and create the hash value for all of them. I now have a dictionary. If i'm
able to get your hashed password list, I can compare them to my dictionary
and "lookup" the original text. This is one reason why strong passwords
(sequences of characters that are unlikely to be guessed in a dictionary
attack) are so important. But there are better ways to protect yourself.
There are indeed keyed hash algorithms, and the framework provides two of
them: HMACSHA1 and MACTripleDES. Because they require a key, a potential
attacker using a dictionary would have to create a dictionary for every
possible key value in a brute force dictionary attack. This ups the level
of
security. The other thing you can do is salt is the input, as you've seen.
Finally, a big asset is to make sure you can prevent collisions (two input
values resulting in the same hash value). To do that, use the biggest hash
with the best algorithm. So far, I suspect that of all the non-keyed
hashes
provided in the framework, SHA256 will be that algorithm. You don't have
"learn" how to use it, because all hash classes in the framework work the
same way. If you can use MD5, you can use SHA256. The only real difference
is that SHA256 will produce a longer hash value. Also note that, as you
said
earlier, SHA and MD5 don't use keys.

-Rob
"PJones" <pj****@hotmail.com> wrote in message
news:uH**************@TK2MSFTNGP14.phx.gbl...
thanks Jim

seems like using the built in md5 stuff in .net along with some salt will

be
good enough
maybe sha256 if I can find a good function for it


"Jim Hughes" <NO*********@Hotmail.com> wrote in message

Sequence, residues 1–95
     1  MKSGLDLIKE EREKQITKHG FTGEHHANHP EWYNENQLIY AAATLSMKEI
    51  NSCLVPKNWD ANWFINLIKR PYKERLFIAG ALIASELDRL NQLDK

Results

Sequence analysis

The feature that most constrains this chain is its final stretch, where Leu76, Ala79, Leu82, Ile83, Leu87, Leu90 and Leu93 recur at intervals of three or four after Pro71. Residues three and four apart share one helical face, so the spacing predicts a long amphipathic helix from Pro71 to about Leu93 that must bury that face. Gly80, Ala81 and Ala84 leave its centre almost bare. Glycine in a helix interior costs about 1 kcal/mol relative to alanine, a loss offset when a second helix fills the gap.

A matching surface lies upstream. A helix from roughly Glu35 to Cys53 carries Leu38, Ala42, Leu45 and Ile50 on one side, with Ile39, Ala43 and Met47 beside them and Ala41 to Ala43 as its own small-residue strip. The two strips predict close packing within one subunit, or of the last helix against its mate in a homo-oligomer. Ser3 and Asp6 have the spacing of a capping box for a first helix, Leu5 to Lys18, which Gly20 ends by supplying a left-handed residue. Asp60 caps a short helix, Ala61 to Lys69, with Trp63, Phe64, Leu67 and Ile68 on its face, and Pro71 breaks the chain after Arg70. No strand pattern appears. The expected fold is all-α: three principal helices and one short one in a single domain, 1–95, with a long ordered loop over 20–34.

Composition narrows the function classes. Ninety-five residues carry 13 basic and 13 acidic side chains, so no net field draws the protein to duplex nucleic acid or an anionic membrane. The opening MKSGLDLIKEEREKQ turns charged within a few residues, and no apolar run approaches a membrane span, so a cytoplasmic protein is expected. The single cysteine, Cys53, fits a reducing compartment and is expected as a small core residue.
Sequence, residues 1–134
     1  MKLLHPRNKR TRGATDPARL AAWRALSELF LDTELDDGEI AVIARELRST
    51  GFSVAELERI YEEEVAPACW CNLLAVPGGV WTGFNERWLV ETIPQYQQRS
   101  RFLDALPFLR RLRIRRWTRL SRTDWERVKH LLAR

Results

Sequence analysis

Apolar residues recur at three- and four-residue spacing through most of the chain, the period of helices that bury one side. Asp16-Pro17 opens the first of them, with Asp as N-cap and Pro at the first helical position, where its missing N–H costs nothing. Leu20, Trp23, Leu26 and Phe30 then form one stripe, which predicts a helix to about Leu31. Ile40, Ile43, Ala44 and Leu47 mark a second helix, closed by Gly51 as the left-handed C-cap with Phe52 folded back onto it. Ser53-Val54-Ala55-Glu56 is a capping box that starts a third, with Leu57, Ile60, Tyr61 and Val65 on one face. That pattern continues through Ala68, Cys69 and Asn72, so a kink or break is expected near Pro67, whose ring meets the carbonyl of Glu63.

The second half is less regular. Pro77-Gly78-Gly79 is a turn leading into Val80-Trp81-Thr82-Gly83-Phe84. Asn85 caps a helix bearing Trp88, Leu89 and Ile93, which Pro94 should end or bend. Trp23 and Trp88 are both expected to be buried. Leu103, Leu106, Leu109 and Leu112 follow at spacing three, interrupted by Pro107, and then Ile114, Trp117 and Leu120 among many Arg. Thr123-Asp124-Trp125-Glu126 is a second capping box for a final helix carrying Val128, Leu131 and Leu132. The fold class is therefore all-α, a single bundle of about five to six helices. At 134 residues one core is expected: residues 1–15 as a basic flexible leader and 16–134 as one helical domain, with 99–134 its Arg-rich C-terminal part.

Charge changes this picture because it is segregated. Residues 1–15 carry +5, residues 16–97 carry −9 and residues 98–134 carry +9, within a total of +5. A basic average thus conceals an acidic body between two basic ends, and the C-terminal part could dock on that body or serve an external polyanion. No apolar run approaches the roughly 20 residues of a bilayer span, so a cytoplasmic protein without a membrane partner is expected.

news:uk**************@tk2msftngp13.phx.gbl...
> User supplies initial password
> You create and store hash based on that password, you don't store the
> original password and have no need to know what it actually was.
>
> User tries to login and supplies password again.
> You recreate hash using same function as before and compare hash to the
> one you stored previously.
>
> No key is required because you use the same hash function each time.
>
> Keys are only necessary when you need to encrypt and then decrypt.
>
> http://aspnet.4guysfromrolla.com/articles/112002-1.aspx has a good article > on password management with salt values.
>
> "PJones" <pj****@hotmail.com> wrote in message
> news:uP**************@TK2MSFTNGP09.phx.gbl...
>>I am looking for the best way to one way encrypt a password for storage in >>a database using (asp.net / vb.net)
>> basically I need some functions or examples that I can freely use in a
>> commercial project
>>
>> anyone got any good functions or links I can look at ?
>>
>> I was looking at MD5 hash .. the examples I saw confused me as I didn't >> see a key ?
>> Does MD5 not used a key ?
>>
>> I was also looking into SHA-1
>>
>> I figure if I am going to do this I might as well make it a good as
>> possible within reason
>>
>> any help or pointers is appretiated
>>
>
>



Nov 21 '05 #5

This discussion thread is closed

Replies have been disabled for this discussion.